Catching Fire Will Reduce You To Tears, If You Care About Things Like Social Injustice

Full disclosure: We found a few tears streaming down our faces more than once, during the screening of Catching Fire, the second installment in the YA phenomenon that is The Hunger Games trilogy.
That fact in and of itself doesn't say a lot. The bar for tears during movies isn't all that high, for some of us. But, in this case, they were well earned. There is something very poignant about what this ostensibly teen movie is able to do, amidst its show of glitz and glamour and action.
katniss-peeta-districtsPhoto: Courtesy of Lionsgate/Murray Close.
For the uninitiated, here's what you need to know. In a dystopian future, the government isolates and suppresses its people, to squelch any ideas of uprising. And, to further instill fear in the hearts of its citizens, that same government demands that each year, each district offer up two teens to fight to the death on reality TV, in a grand affair, publicized for the entertainment of the masses. That was the premise of the first novel/movie, as inspired by a cross-pollination of The Gladiator and reality television (the author's words, not ours), and in the second, we find our heroine, having survived the Games and stirred up some dreaded seedlings of revolution, needing to tour the districts with her co-victor, looking oppression in the face, and appeasing the powers that be with handily written speeches that read like press releases. From there, our heroes find themselves drawn back into a second round of Hunger Games, and the action-movie half of the story begins. And of course, there is also a behind-the-scenes love triangle at play, here.
But, we're less concerned with those last two things than with the first half of the movie. Not because they're poorly done (in fact, we were pleasantly surprised to find that the visual effects — remember those weird dogs at the end of the first movie? — were much more convincing, and far less cheesy, this time around). Instead, it's because we found the first half of the movie to be much more compelling and powerful than expected — and we're pretty big fans of the novels.
gale-peacekeepersPhoto: Courtesy of Lionsgate/Murray Close. Katniss' childhood sweetheart, en route to one of the aforementioned public whippings.
We're not talking Oscars here (although, Jennifer Lawrence really is the best), but this is a smartly done look at injustice in the world. Does it manipulate your emotions with scenes involving public executions (of sympathetic older gentlemen, no less) and whippings? Yes. But, does it beat you over the head with its agenda? No. And, we appreciate that.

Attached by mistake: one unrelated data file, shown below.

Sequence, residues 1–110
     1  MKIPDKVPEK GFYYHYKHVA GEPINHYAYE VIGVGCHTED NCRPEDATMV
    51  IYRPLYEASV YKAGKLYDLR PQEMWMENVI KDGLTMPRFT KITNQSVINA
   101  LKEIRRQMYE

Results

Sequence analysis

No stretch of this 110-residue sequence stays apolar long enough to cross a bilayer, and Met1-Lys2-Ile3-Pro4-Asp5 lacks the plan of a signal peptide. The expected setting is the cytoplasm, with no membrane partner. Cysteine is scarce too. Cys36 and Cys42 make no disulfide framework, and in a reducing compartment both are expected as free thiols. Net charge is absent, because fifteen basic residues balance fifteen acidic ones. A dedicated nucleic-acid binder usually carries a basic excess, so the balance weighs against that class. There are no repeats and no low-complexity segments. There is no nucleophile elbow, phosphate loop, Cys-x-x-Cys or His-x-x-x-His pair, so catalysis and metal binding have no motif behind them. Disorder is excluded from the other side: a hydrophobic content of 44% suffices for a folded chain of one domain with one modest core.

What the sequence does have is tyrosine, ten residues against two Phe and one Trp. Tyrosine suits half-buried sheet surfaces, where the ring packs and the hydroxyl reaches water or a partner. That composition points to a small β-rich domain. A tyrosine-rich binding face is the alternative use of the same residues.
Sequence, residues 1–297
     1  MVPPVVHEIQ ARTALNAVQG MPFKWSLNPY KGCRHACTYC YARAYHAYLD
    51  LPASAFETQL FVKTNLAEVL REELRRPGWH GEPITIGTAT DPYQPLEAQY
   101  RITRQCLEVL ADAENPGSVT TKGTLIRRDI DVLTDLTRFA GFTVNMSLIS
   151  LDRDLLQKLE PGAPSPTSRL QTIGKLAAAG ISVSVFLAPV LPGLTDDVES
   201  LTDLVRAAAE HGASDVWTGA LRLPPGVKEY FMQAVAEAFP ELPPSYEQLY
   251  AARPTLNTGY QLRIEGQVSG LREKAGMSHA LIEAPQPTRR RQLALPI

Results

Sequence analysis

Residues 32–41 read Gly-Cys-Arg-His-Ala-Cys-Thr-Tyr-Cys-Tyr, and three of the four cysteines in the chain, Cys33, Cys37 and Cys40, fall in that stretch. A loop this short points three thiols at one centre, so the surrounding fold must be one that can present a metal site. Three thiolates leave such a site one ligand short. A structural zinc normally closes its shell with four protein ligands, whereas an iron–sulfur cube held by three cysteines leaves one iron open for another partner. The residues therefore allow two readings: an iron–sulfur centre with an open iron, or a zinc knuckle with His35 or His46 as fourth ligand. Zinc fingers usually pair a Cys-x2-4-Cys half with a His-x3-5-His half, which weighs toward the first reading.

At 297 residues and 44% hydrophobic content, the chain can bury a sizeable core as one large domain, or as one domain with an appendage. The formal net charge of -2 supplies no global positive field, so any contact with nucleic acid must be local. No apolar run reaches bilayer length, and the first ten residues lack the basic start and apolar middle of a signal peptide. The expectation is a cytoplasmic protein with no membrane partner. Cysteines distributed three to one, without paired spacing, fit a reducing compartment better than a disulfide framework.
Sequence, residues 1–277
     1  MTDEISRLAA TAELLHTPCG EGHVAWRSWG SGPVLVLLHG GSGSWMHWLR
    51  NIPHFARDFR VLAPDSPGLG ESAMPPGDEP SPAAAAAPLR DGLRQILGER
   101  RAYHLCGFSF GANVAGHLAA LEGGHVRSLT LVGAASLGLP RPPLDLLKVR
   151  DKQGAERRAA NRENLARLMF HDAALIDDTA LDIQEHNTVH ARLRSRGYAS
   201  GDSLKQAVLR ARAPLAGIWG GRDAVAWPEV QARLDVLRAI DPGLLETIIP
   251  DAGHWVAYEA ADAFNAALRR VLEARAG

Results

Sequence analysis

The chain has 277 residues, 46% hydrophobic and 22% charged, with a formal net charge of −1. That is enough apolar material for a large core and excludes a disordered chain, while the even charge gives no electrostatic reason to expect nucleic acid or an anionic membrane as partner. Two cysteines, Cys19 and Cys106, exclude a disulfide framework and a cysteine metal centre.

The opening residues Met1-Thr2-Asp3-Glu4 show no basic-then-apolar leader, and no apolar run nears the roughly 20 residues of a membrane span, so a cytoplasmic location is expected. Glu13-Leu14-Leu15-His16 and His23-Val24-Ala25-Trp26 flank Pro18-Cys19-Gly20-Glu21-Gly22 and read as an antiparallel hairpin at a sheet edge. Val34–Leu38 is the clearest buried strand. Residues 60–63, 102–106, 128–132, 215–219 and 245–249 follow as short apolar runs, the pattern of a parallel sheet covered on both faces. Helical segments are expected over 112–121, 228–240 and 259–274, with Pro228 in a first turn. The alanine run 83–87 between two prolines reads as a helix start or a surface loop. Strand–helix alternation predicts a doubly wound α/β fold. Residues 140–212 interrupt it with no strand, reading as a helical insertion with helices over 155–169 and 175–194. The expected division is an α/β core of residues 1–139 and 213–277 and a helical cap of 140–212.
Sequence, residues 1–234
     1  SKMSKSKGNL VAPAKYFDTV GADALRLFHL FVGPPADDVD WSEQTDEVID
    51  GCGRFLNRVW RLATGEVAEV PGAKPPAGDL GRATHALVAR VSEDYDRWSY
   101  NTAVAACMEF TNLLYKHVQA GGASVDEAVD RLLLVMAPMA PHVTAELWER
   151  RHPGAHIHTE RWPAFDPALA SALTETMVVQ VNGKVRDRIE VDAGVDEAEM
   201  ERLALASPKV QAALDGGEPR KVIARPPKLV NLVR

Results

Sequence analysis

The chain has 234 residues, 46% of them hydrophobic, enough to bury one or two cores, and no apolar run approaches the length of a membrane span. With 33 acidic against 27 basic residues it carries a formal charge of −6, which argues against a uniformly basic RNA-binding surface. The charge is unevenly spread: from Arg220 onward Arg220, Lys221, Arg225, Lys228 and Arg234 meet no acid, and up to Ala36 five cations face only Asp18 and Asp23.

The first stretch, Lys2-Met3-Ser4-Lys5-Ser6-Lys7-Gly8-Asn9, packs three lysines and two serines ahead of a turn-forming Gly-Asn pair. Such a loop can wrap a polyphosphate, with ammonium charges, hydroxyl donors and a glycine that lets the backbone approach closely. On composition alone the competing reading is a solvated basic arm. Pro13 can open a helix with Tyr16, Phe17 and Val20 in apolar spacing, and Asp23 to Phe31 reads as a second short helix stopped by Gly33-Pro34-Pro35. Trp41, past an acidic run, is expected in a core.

Sure, there are parallels between the excess of the Capitol's world and our own. And, it's easy to envision the slippery slope between civil wars breaking out across the globe and the oppressive leadership often being supported and installed by our own countries and the iron-fisted rule of Panem. But, we're left to imagine it rather than being told about it. And, we appreciate that level of restraint.
Quite possibly, the thing that grounds all of the emotionally charged scenes of the masses being mistreated is Philip Seymour Hoffman's Plutarch Heavensbee. A seeming conspirator of the president, he helps plot Katniss' takedown, suggesting side-by-side campaigns — one claiming her as one of their own, lavishing attention on the details of her Hollywood Capitol wedding, and another featuring, well, public executions, whippings, raids, and generally shutting down food supplies and crushing spirits around the country. You can't help but sit in awe of his lighthearted presentation of nationwide devastation. The machinations of the Capitol come to life in his head gamemaker, and we're left wishing he could have more screen time.
That, coupled with the fact that this is a reasonably violent action movie that never condones violence (in fact, it calls it out, and also calls it into the spotlight in a very Lord Of The Flies way), and we're happy to call this a win. For a box-office-crushing franchise, we expected much less nuance and feeling — and we were pleasantly surprised. But, what's ahead, we're not sure. The third book was our least favorite in the series, and the fact that it's being split into two films doesn't bode well. But, we're willing to be proven wrong....
katniss-wedding-dressPhoto: Courtesy of Lionsgate/Murray Close. Katniss, showing off her wedding dress, prior to being sent into the arena to fight to the death.

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